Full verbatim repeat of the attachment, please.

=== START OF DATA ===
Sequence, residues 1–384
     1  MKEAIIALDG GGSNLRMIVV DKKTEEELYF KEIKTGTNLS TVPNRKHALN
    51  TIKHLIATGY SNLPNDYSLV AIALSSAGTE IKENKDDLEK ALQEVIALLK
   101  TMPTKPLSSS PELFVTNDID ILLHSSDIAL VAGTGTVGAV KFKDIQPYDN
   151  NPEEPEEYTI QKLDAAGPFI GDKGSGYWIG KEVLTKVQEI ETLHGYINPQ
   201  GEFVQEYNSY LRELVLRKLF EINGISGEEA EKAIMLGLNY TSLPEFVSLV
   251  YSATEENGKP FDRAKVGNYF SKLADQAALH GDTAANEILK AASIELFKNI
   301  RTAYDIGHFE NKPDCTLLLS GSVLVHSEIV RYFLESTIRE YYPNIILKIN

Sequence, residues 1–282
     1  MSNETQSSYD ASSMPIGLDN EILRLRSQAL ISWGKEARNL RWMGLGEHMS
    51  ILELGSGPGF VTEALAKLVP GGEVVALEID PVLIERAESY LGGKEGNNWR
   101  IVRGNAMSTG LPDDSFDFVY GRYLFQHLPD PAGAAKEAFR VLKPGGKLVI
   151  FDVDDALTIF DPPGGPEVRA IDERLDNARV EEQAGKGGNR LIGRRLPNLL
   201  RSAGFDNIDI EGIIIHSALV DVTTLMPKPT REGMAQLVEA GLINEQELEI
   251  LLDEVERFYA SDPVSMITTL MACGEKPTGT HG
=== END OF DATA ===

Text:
Sequence, residues 1–384
     1  MKEAIIALDG GGSNLRMIVV DKKTEEELYF KEIKTGTNLS TVPNRKHALN
    51  TIKHLIATGY SNLPNDYSLV AIALSSAGTE IKENKDDLEK ALQEVIALLK
   101  TMPTKPLSSS PELFVTNDID ILLHSSDIAL VAGTGTVGAV KFKDIQPYDN
   151  NPEEPEEYTI QKLDAAGPFI GDKGSGYWIG KEVLTKVQEI ETLHGYINPQ
   201  GEFVQEYNSY LRELVLRKLF EINGISGEEA EKAIMLGLNY TSLPEFVSLV
   251  YSATEENGKP FDRAKVGNYF SKLADQAALH GDTAANEILK AASIELFKNI
   301  RTAYDIGHFE NKPDCTLLLS GSVLVHSEIV RYFLESTIRE YYPNIILKIN

Sequence, residues 1–282
     1  MSNETQSSYD ASSMPIGLDN EILRLRSQAL ISWGKEARNL RWMGLGEHMS
    51  ILELGSGPGF VTEALAKLVP GGEVVALEID PVLIERAESY LGGKEGNNWR
   101  IVRGNAMSTG LPDDSFDFVY GRYLFQHLPD PAGAAKEAFR VLKPGGKLVI
   151  FDVDDALTIF DPPGGPEVRA IDERLDNARV EEQAGKGGNR LIGRRLPNLL
   201  RSAGFDNIDI EGIIIHSALV DVTTLMPKPT REGMAQLVEA GLINEQELEI
   251  LLDEVERFYA SDPVSMITTL MACGEKPTGT HG